If you’re looking for a home-based business that can help you pull in $20,000 to $45,000 a year using your computer, a work-at-home opportunity doing medical billing may sound like the perfect choice. But before you part with your money, consider this: The Federal Trade Commission (FTC) has brought charges against promoters of medical billing opportunities for misrepresenting the earnings potential of their businesses and for failing to provide key pre-investment information required by law.
Ads for medical billing business opportunities appear on the Internet and in the classified sections of local newspapers and “giveaway” shopper’s guides. In the “Help-Wanted” classified sections, the ads may appear next to legitimate ads for hospital medical claims processors, leading consumers who respond to think they’re applying for a job, not buying a business opportunity.
The ads lure consumers with promises of substantial income working from home full- or part-time – “no experience required.” They direct consumers to call a toll-free number for more information.
If you call, a sales representative will entice you to sign up by telling you that the processing of medical claims is a lucrative business, that doctors are eager for help with electronic claims processing, and that you – even without any experience – can do this work from the comfort of your home.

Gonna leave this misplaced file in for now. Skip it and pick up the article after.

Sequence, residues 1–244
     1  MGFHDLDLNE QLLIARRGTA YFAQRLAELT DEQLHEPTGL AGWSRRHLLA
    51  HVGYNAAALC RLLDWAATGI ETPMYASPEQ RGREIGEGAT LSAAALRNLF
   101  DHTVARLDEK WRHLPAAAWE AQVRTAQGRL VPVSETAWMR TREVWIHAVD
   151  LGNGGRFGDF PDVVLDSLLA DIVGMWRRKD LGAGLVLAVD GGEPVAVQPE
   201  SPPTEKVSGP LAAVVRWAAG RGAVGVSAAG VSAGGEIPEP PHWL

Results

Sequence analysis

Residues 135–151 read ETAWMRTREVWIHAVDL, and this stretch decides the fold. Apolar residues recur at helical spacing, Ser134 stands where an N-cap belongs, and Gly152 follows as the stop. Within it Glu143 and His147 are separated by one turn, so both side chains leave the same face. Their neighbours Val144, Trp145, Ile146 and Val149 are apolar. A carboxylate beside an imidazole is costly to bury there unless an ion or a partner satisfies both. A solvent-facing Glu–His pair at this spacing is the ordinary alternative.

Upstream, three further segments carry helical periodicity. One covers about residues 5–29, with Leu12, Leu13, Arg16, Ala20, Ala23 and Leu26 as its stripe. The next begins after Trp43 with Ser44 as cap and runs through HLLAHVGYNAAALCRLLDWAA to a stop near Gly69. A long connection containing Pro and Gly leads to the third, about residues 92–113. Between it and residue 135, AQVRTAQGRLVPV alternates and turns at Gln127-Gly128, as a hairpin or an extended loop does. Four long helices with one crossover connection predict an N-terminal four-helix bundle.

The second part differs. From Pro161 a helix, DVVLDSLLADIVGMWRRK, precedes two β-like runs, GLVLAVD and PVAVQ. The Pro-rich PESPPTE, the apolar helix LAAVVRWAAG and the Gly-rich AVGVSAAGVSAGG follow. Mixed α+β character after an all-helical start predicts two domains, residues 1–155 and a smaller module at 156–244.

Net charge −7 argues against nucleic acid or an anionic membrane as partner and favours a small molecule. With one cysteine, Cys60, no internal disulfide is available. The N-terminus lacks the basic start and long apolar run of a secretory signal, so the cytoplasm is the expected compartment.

Medical billing scammers charge a fee of $300 to $500. In exchange, they claim to provide everything you supposedly need to launch your medical billing business: the software program to process the claims and a list of potential clients.
But the reality is that few consumers who pay for medical billing opportunities find clients or make any money, let alone earn the promised substantial income. Competition in the medical billing market is fierce, especially for those who are new to it. Many doctors’ offices process their own medical claims. Doctors who contract out their medical billing often use established firms, not individuals working from home.